Tag: carpatho-rusyn artist from ukraine

A 1983 Visit to Vasil Svida’s 70th Birthday Master Wood Carving Exhibition

v_svida
Source: Courtesy of Prostir Museum

You will not hear my voice today. Jerry Jumba, a founder of the Carpatho-Rusyn society, an artist, an educator and a collector of Carpatho-Rusyn chants and songs, will tell you about his 1983 trip to Uzhgorod, Ukraine, where he got to meet Vasil Svida, a master wood carver from Patskanovo:

“Vasil Svida – Васил Свида – is a spectacular, disciplined, imaginative, epic Carpatho-Rus’ woodcarver. When you look outward with a mindfulness or attitude that has a clean canvass that receives an image, his stunning wood carvings give insight about life. His most lengthy historic panoramic wood carving of Carpatho-Rus’ history goes across several centuries, and across special support tables. It has perfect continuity and synchronicity of the carving style in depicting the historic life of the Carpatho-Rus’ people. This includes a segment that show Rusin immigrants leaving to work in America and other lands in order to overcome the financial duress and governmental mismanagement in the autocratic Austro-Hungarian Empire. I had permission to take pictures of it.

In 1983 I was on a study scholarship to study Carpatho-Rus’ cultural life for three months in Transcarpathia, in the capital city of Uzhhorod (Užhorod – Ужгород.) The Uzhhorod Zamok (Castle) and the Skansen- Outdoor – Museum set up an exhibit of his works on the occasion of his 70th birthday in a building just before the entrance of the Skansen Museum.

When I arrived he was at the exhibit talking with everyone in such a personal way. He was humble about his work and spoke openly and softly about his motivation. I listened to his casual brilliant summations to several gallery people with heart felt questions. On a level of perception that I had not experienced before, it made me feel like Carpatho-Rus’ – my people – the land my grandparents had to leave under historic financial and political duress – survived by some miracle and had an artist, and artists, who created deeply appreciated culture that lifted the integrity and social awareness of our people, to a world class level.

As I walked through the exhibition, I stopped to gaze, and was galvanized, and then mesmerized by aesthetic beauty of the carved detail. The detail carved in the wood was incredibly sensitive, for a wood surface. The wood carved art was so physically close to the onlooker, and not protected by museum ropes around it. You could touch it! It was emotional, to look at it because I was compelled to stretch my own imagination to imagine how much thought – inner realization – and muscularity went into the shaping of the wood. The respect for his work from the people at the exhibit – was so great, that you would not want to touch it so that its integrity could last forever.

At that time my Rusin vocabulary wasn’t articulate enough to articulate his stunning application of symmetrical and asymmetrical form in balanced carved imagery, and sometimes, the juxtaposition of comparative asymmetrical imagery in the dynamic brown shades of carved wood. Every work was carved within its own visual scale of form relationships, but another brilliant artistic contrast he sometimes provided was the strategic artistic use of large, medium, and small carvings within one piece of carved work. There was the use of light and shadow, with carved relief woven in wood and jutting outward from top to bottom to evoke a clear contrast in the eyes of the onlooker.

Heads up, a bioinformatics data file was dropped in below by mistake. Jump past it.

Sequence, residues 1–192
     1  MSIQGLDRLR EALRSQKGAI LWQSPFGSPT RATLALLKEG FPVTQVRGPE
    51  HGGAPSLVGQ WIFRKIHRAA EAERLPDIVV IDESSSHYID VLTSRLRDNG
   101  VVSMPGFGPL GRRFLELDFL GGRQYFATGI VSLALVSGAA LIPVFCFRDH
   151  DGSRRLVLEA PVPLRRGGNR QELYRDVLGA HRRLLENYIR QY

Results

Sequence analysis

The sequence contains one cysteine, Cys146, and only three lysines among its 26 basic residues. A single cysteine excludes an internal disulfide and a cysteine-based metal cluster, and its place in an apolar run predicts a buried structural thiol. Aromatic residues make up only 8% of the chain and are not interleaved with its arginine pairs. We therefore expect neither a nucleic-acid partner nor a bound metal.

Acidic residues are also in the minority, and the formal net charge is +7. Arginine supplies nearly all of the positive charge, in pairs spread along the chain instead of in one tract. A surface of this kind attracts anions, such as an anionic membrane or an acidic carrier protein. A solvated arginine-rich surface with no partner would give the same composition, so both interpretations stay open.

In the subjects there were the epic personal characterizations of the people in the dignity of their daily work. There were epic historic carvings that made me ask myself, How did he arrive at that profile and angle of height and length of that carved image? Three dimensional icons in wood. Every work has an affirmative sense of purpose, community, and humanity and is “ponašomu ” -” понашому”- in the ways of our people. I didn’t know how to tell all that in Rusin, if I could speak to Vasil Svida, but I am sure he knew it.

I asked my scholarship grant agent, Margarita Michaljova, “Why doesn’t he show any Eastern Christian religious – Carpatho-Rus’ church life carving? He is soooo great.” She said that religious symbolism was not appropriate for an exhibit in an atheistic society. Communism did not encourage church life art for populist exhibitions. To this day, I don’t know if he was allowed to make or exhibit Eastern Christian church life wood carvings, privately.

I moved to speak with Vasily’ Svida (or Vasyly Svyda). He was kind as I said a few words in Rusin, and then my communist agent stepped nearby and translated my English for me! In a warm, friendly baritone voice, he responded directly in spare, economically spoken sentences packed with content and to the point. He reached to shake my hand. He was seventy years old that day, and I could feel the great muscular strength in his hands from the labor put into his masterful wood carvings. After that, I walked away with tears in my eyes because his work in that museum exhibit room, at such a personal scale, had the inspirational artistic effect of an overwhelming majestic cathedral, internally.”

written by Jerry J. Jumba

Emil Hrabovskyi – realism with a poetic touch

The Beskyds (1945) by Emil Hrabovsky Source: Old Cherdak
The Beskyds (1945) by Emil Hrabovsky Source: Old Cherdak